These are some other special considerations:
I respect the privacy of those mourning in a cemetery. I generally do not take pictures of street performers (mostly because they tend to be cliché photographs). It is not my intention to embarrass people.
Once, in Copenhagen, I was witness to some very drunk young people making a very dangerous decision to jump off of a bridge. There were bystanders trying to intervene, so I felt that I could record it without feeling an obligation to help.
In the end, I deleted all of the pictures in the series because I asked myself, “What if this was my child?”
I also try to concentrate on flattering pictures. I hope someone would do that for me.
Opportunities for street photographers are abound.
The problem is often too many pictures, not too few. The limitations that you choose to impose on yourself will not obstruct either the quantity or the quality of your work.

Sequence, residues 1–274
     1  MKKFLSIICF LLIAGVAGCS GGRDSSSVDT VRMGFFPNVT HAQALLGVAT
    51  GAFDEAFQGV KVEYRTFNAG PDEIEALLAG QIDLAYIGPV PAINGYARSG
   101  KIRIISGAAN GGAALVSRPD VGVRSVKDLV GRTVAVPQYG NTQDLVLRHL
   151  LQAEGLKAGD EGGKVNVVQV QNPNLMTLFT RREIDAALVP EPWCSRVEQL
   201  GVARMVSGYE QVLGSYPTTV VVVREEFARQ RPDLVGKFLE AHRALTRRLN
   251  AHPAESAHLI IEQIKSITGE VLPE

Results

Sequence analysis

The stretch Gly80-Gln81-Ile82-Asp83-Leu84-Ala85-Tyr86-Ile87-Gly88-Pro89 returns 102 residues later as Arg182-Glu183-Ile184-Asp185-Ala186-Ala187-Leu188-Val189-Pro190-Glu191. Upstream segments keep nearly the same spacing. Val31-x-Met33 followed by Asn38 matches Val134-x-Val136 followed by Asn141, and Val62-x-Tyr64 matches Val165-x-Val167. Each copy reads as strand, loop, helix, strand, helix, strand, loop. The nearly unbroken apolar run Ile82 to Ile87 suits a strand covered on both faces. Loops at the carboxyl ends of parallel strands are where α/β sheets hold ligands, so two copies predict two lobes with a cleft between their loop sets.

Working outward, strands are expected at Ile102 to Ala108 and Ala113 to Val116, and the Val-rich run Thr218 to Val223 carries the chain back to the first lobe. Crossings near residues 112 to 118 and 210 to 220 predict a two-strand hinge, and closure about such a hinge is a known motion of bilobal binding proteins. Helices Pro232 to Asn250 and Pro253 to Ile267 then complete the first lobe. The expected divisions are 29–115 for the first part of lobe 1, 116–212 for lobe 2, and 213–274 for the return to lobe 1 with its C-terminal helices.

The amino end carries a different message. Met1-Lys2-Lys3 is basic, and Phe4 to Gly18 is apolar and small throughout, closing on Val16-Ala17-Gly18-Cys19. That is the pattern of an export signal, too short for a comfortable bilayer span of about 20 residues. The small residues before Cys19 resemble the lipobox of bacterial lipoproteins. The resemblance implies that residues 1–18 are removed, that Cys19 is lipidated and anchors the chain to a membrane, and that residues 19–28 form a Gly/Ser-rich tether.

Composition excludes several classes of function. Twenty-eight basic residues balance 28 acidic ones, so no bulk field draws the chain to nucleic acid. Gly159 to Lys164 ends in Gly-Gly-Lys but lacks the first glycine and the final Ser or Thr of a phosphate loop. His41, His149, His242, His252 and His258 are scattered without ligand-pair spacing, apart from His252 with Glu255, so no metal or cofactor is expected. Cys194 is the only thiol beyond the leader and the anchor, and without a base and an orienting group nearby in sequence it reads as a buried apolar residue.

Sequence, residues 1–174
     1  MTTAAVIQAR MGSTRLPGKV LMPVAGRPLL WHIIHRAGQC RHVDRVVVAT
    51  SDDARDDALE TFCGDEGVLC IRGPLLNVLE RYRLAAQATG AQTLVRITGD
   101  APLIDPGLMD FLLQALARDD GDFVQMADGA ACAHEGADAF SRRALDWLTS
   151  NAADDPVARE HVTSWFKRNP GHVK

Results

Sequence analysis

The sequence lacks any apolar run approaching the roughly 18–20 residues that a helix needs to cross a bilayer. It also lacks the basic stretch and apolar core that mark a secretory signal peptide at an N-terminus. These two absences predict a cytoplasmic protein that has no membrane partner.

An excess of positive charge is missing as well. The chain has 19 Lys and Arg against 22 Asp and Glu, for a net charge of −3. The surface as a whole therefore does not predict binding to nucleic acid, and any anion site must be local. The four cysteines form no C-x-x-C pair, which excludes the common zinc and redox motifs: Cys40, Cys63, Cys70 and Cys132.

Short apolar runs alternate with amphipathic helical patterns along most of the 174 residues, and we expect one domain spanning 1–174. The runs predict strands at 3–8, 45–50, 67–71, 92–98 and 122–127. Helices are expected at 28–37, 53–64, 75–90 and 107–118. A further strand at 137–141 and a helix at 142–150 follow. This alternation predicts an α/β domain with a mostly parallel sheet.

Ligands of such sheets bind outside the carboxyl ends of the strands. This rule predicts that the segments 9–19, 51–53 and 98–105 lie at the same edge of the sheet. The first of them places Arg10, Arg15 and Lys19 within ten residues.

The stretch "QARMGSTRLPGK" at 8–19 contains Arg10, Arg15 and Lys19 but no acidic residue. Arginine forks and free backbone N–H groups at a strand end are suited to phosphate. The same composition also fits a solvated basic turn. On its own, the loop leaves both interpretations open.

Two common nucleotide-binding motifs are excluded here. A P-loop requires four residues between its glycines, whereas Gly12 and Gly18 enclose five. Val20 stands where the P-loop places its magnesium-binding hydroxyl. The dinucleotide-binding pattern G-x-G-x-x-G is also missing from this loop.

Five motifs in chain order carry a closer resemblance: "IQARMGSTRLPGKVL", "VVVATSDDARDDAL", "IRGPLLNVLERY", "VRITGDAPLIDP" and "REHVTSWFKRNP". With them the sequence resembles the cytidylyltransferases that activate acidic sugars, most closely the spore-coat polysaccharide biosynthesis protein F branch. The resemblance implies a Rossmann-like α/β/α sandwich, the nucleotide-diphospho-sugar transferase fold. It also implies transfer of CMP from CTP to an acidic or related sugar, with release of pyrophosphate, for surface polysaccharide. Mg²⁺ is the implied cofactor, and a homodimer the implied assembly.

How Will My Portfolio Change If I Always Ask?
The street photography images that I most want to create are those beautiful, quirky, or poignant moments that happen spontaneously.
The elderly lady in this picture below was waiting in the chaotic Easter Island Airport. Her body language, and facial expression, communicated exhaustion. Then, a family member came to her and her face softened in joy.
There are many sub-categories of street photography.
They include, but are not limited to, documentary; intrusive; raw; fine art; geometric; smart or intelligent; and portraiture, both candid and posed.
There is some disagreement within the photography community as to whether posed street photography belongs in the street photography category or whether it should have its own genre.
The photographers who choose to always ask for their subject’s permission are usually taking posed street portraits; their work can be described as both documentary and fine art.
If you want to see significant, contemporary street portraiture, look at the work of Diane Beals on her Instagram account. Her studies of people with Alzheimer’s and people on the margins of society are done with empathy, and they always confer dignity to her subjects.